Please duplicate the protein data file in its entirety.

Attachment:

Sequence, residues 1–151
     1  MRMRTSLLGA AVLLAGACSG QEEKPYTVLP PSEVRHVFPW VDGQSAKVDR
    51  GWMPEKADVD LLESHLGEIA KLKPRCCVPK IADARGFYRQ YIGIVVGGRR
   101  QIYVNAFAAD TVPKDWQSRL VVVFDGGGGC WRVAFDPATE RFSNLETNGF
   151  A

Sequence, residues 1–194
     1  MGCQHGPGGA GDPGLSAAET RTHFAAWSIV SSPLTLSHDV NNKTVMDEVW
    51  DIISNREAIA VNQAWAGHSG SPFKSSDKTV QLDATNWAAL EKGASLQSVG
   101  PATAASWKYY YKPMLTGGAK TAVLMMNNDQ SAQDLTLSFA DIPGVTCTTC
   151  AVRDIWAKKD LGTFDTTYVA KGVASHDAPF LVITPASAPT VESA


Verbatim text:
Sequence, residues 1–151
     1  MRMRTSLLGA AVLLAGACSG QEEKPYTVLP PSEVRHVFPW VDGQSAKVDR
    51  GWMPEKADVD LLESHLGEIA KLKPRCCVPK IADARGFYRQ YIGIVVGGRR
   101  QIYVNAFAAD TVPKDWQSRL VVVFDGGGGC WRVAFDPATE RFSNLETNGF
   151  A

Sequence, residues 1–194
     1  MGCQHGPGGA GDPGLSAAET RTHFAAWSIV SSPLTLSHDV NNKTVMDEVW
    51  DIISNREAIA VNQAWAGHSG SPFKSSDKTV QLDATNWAAL EKGASLQSVG
   101  PATAASWKYY YKPMLTGGAK TAVLMMNNDQ SAQDLTLSFA DIPGVTCTTC
   151  AVRDIWAKKD LGTFDTTYVA KGVASHDAPF LVITPASAPT VESA